Our long Easter weekend trip once again proved to be a fabulous break for us, just as it was last year. This trip was mostly a repeat experience from last year, with the exception of adding one additional night upfront at a new campground to check it out for the first time.
Some time back, I started looking for other places to camp in our area besides our beloved state parks, not because we are dissatisfied with them, but rather to just have some options when we want to go camping and cannot get a reservation at a state park. We believe that more and more people in our area are purchasing RVs and going camping these days, as it seems to be a bit harder to get reservations than even three years ago when we first started traveling by RV ourselves. We cannot always plan a quick weekend getaway too far in advance, since we are still limited by Hubby’s work schedule and his business travels, so we are very interested to check out some new places that can still provide us some options to get out-of-town in some last-minute situations. Corps of Engineer campgrounds are another option, even though we do not have any in our immediate area, and the closest one is about four hours away. That is still an option for us at times, so we decided to check out one of these campgrounds for a night.
Hords Creek Lake has two COE campgrounds, Lakeside and Flatrock, although Flatrock is shut down for the forseeable future, probably due to lack of demand. We camped at Hords Creek Lake – Lakeside Campground on the Wednesday night before Easter, and it was a good experience for us, even though it was a bit confusing, too. I reserved a full-hookup site online at reservation.gov for that night, and I’m glad I did, not because the campground was full, but apparently that is the only way to secure a site there, other than calling a toll-free number when arriving at the gatehouse. Perhaps this is not the case in later weeks and months when occupancy probably increases, and we noted that the gatehouses were to open for the season a couple of days later, too. We also wondered if it was even possible to camp overnight here if we didn’t have an advance reservation ahead of time. We can do that in the state parks by just registering and paying in the drop box if the park office is closed. And oddly enough, we never saw a single park person the entire time we were there. We left around noon the following morning and even stopped by the park headquarters to make sure we didn’t owe a daily fee of some kind before we left the park. The door was open and there were signs that someone was on duty, but after five minutes and asking if anyone was there, no one ever appeared at the desk. It was just a strange experience for us, as we are accustomed to the state parks being well staffed and having security patrols come by regularly. It left me with some mixed feelings about camping here in the future, even though the campground is actually quite nice. We just like to have security around when in a remote place like this. I am wondering if this is pretty much how all of the COE campgrounds operate, too.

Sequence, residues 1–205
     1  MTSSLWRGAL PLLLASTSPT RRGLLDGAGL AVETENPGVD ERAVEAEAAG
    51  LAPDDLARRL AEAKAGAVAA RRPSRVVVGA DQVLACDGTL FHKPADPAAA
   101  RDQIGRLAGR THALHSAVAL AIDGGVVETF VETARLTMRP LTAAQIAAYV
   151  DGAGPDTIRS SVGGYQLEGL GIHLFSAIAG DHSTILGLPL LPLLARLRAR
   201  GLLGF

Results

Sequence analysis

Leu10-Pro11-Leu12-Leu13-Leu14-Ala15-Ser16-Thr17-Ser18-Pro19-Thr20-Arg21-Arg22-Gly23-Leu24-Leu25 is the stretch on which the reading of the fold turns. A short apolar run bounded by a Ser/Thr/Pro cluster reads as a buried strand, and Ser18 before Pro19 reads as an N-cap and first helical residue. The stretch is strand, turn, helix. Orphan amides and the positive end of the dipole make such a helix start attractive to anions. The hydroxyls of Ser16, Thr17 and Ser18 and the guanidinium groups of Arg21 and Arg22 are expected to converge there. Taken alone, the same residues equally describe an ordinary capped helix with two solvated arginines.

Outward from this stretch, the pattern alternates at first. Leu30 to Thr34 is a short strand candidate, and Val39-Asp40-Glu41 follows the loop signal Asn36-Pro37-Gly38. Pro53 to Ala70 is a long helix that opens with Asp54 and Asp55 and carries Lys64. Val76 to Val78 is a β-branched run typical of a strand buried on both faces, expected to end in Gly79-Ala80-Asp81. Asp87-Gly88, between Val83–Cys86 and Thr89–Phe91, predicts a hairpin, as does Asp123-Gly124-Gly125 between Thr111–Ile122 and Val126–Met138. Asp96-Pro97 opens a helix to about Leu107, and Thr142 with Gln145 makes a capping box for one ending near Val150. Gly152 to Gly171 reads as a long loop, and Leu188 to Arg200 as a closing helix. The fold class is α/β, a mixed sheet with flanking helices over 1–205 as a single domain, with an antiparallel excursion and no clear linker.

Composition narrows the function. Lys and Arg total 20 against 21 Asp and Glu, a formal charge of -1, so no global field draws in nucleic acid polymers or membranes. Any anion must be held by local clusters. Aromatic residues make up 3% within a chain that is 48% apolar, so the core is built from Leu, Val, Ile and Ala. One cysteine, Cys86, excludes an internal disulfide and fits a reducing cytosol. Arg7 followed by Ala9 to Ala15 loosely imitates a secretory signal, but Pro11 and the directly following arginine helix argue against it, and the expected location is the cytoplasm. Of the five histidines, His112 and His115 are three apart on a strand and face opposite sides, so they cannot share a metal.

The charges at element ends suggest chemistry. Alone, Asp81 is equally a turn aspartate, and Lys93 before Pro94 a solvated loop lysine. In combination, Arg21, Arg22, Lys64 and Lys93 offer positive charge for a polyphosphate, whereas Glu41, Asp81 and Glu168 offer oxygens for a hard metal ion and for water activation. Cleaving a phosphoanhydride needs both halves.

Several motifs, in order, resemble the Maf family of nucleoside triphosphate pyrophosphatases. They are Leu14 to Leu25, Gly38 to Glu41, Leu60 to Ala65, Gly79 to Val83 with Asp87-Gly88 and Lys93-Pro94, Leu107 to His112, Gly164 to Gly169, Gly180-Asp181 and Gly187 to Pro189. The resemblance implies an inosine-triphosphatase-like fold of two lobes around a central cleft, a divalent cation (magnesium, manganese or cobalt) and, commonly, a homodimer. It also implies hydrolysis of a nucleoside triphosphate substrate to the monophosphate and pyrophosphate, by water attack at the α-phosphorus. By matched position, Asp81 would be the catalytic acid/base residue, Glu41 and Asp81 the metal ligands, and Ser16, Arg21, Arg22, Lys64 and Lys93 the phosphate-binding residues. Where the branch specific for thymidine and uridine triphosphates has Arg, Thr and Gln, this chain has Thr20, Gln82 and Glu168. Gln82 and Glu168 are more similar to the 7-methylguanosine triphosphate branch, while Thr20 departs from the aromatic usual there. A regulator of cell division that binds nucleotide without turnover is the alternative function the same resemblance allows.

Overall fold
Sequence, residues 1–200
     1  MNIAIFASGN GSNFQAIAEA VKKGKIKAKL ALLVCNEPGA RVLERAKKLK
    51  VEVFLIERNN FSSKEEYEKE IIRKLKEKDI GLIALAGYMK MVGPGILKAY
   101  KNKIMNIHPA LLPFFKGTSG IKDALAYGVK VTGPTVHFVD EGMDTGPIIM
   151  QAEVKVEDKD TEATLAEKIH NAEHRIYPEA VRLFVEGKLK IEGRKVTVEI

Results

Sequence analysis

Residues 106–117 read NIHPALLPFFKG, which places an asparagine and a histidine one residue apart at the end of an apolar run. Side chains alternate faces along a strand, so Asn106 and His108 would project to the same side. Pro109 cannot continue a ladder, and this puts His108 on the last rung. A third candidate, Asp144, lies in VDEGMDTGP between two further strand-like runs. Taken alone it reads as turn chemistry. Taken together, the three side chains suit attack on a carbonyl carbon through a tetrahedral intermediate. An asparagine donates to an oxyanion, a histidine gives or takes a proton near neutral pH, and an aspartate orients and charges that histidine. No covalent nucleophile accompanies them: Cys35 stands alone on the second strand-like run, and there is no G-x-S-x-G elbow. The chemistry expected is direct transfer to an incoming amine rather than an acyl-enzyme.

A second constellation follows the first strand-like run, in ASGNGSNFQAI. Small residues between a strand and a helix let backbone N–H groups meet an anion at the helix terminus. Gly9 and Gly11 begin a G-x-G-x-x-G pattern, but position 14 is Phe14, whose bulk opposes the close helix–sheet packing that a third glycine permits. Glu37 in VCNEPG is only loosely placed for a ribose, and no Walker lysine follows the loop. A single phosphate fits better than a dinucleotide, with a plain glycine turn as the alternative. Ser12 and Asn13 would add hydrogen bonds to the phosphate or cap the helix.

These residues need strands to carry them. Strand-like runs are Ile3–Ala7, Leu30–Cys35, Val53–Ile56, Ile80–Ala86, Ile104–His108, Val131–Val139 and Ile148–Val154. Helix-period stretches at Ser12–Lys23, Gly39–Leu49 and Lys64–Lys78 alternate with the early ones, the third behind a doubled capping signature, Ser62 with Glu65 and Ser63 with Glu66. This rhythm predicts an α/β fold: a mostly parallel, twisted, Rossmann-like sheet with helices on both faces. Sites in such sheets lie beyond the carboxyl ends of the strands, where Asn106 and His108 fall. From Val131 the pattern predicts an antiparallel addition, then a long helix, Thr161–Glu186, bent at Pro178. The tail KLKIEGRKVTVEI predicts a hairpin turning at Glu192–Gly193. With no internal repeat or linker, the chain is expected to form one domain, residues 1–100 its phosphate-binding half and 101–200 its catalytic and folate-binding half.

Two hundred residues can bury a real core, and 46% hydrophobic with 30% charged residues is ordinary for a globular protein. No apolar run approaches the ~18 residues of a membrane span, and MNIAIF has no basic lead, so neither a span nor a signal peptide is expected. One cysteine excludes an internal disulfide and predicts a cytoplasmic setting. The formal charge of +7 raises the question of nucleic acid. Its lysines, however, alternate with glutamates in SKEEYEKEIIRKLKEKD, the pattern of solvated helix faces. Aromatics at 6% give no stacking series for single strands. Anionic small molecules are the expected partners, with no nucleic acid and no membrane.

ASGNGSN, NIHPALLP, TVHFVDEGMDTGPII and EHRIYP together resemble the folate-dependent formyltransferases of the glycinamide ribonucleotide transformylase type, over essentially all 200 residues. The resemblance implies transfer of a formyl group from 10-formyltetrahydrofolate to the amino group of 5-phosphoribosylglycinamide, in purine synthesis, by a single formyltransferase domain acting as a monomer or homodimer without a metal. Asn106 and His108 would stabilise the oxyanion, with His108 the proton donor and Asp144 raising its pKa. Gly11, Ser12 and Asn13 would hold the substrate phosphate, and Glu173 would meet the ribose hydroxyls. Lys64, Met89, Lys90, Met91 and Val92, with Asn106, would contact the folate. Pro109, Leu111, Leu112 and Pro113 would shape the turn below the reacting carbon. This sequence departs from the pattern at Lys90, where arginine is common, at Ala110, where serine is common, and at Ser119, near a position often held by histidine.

I would recommend the campground as long as you don’t mind pretty much being on your own here. We will definitely consider returning sometime, since we did have a bit of cell and data signal in case of an emergency, probably from the small town of Coleman which is about seven miles away. I wouldn’t rely on having park personnel nearby to help in such a situation, based on our experience. Lakeside is a huge campground, and I doubt it ever completely fills up these days, since the lake is still down 14 feet. The lake is quite nice, though, and it is a beautiful and peaceful area with many wonderful birds. There was also nice spacing between sites, more than the state parks, and there are some nice trees, even though it is not as densely covered as Abilene State Park and Lake Brownwood State Park, both of which are in this same general area for the most part. This campground would definitely be a great place for a family reunion or other large gathering, especially if most everyone has RVs. As we drove around the campground before we left, we saw many great group facilities, including one that probably had about twenty RV hookups.
For us, this campground would be a place to just getaway for a couple of days, and we would enjoy riding our bicycles here in the future. We pretty much had the park to ourselves on this particular day, too. There are no hiking trails, but since the park is so large, we would enjoy just walking the dogs on the roads and walking down by the lake which is easily accessible. The restrooms were quite nice, and we noticed that the showers only have one water temperature.
Given that this park and Lake Brownwood State Park are the same driving distance for us, we will likely opt for the state park, when it is available. Lake Brownwood State Park is one of the iconic state parks of Texas and is 80 years old. It has nice facilities and great hiking and biking trails for us, as well as full hookups in Council Bluff Campground. It is a beautiful place and more prominently located in the hill country than Hords Creek Lake. Brownwood is a nice town just 20 miles away and has good food and other services available, including dining at Underwoods BBQ, a favorite of ours and many others. There is also a small grocery store and a convenience store available about 8 or 9 miles from the park entrance. We adore Lake Brownwood State Park in the springtime and will likely continue to make a yearly visit there, but we know that there is another option available in this general area for camping now, too.